Original post from July 26:

A fire on a cargo ship carrying almost 3,000 cars off the coast of the Dutch island of Ameland has left one crew member dead and 22 other crew members injured on Tuesday evening, reports the BBC and several other international media. 

Reportedly, some of the crew jumped 30m (100ft) into the sea to escape the fire onboard. Members of the crew initially tried to extinguish themselves, but were unsuccessful and were eventually forced to flee.

AP News reports that the freight ship was carrying nearly 3,000 cars was burning out of control Wednesday in the North Sea, killing one crew member and injuring others, citing the Dutch coast guard.

The agency said it was working to save the vessel from sinking close to an important habitat for migratory birds.

Boats and helicopters were used to get the 23 crew members off the ship after they tried unsuccessfully to put out the blaze, the coast guard said in a statement. The cause of the fire onboard wasn’t immediately known, and it wasn’t clear how the crew member died.

Reportedly the cargo vessel was carrying 2,857 cars, including 25 electric cars, which made firefighting efforts more difficult.

Dutch news site AD.nl reports that extinguishing was difficult because the firefighters could not  get on board.Efforts were instead focused on external extinguishing and attempts to try to prevent the ship from sinking.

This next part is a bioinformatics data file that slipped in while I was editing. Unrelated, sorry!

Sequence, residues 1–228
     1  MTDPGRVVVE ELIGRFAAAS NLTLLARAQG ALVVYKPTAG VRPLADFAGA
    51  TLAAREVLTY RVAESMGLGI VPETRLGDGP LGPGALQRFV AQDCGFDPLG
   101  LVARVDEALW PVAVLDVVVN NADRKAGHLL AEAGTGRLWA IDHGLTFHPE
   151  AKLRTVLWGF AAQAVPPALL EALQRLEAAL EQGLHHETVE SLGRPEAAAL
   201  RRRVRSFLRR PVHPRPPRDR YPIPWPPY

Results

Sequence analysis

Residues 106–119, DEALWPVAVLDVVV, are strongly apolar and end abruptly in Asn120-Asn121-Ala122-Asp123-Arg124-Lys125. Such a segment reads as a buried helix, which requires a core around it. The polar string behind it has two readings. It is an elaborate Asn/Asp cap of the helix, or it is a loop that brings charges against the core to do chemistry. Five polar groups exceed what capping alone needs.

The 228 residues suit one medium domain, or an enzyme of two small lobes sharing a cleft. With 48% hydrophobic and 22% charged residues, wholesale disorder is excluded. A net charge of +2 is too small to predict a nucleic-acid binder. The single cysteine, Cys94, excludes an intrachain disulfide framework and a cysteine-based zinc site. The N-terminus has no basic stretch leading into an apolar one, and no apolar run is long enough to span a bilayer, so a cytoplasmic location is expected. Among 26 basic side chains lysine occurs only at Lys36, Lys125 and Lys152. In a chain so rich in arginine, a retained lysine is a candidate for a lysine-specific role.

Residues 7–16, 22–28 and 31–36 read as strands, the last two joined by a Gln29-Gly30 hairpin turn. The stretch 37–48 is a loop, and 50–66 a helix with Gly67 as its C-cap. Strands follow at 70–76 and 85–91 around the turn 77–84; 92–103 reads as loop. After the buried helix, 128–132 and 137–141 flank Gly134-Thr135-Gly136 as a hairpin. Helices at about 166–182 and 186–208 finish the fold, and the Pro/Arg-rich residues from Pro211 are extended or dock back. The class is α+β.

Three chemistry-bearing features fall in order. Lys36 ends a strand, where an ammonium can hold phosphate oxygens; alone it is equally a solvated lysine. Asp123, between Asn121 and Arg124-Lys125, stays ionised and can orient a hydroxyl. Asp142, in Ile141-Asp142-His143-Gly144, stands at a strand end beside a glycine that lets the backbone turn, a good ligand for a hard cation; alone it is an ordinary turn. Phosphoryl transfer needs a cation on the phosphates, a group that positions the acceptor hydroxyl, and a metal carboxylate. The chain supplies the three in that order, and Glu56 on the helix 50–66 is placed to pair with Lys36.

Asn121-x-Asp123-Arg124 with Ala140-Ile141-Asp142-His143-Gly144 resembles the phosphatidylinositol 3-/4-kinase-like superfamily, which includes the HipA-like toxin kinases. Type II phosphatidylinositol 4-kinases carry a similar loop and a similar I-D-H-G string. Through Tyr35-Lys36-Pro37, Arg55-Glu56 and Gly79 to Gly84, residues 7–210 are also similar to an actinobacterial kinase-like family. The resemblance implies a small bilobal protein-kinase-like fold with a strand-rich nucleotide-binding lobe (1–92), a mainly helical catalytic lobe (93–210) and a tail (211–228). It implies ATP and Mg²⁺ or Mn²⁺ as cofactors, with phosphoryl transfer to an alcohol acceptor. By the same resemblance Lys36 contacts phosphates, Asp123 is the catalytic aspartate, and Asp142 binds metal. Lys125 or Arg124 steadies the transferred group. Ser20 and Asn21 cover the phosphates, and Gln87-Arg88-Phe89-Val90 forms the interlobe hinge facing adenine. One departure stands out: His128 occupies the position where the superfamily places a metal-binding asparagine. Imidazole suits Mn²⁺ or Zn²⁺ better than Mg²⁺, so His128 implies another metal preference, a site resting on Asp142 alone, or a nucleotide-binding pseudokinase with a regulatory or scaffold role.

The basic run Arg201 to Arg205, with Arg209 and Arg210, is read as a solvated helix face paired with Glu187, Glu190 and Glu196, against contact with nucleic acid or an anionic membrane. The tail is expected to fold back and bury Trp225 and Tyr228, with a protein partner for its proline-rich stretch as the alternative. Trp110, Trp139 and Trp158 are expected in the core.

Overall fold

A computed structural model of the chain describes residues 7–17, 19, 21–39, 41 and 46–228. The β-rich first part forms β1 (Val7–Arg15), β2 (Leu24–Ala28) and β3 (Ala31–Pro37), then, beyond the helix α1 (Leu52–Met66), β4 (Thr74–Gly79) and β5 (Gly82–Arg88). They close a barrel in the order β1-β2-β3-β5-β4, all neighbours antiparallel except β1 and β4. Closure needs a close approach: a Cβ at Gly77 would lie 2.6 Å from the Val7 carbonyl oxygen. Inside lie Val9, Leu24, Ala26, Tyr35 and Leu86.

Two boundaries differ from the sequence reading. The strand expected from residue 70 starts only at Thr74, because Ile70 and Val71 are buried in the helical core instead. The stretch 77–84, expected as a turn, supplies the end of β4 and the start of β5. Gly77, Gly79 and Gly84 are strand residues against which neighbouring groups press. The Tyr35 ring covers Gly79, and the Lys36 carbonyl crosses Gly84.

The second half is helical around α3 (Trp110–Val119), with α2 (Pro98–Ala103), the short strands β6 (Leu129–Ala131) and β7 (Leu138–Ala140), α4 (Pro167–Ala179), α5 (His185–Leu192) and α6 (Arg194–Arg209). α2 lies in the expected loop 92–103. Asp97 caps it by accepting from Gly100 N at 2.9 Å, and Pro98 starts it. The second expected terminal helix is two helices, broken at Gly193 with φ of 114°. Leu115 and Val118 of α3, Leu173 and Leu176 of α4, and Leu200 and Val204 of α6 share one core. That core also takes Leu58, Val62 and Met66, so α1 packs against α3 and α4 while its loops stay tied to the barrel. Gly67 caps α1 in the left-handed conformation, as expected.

The site also reports that "the fire may have been started by an EV onboard". 

Sky News cites a source in the Dutch Coast guard, pointing towards an EV having started the fire:

"The ship, the Fremantle Highway, is a vehicle carrier that was transporting nearly 3,000 cars, 25 of them electric, from the German port of Bremen to Port Said in Egypt.... An electric car was the suspected source of the blaze, a coast guard spokesperson said".

 

According to the local news site Wâldnet, the skipper was advised to evacuate the ship completely at around 02:13 am, July 22. 

Due to the size of the fire, it was decided not to put firefighters on board. According to the Coast Guard, it is difficult to get a fire under control at sea, especially since no one can board the ship. Furthermore, 'everything is done' to ensure that fuel, for example, does not end up in the sea.

The fire may continue for days, as well as the possibility of salvaging it. The Coast Guard points to previous fires on cargo ships that lasted a long time, such as in 2021 off Sri Lanka and last year off the Azores.

 

Second large ship fire involving vehicles in a year

Last year, a cargo ship carrying 4,000 luxury cars caught fire and sank off the Azores Islands. According to investigations, lithium-ion batteries in the EV onboard cars caught fire on board the Felicity Ace.

Although water allegedly was found to be ineffective in putting out the fire, firefighters eventually brought it under control before the ship went down and sank while being towed.

 

Photo Credit: All photos by the Dutch Coast Guard.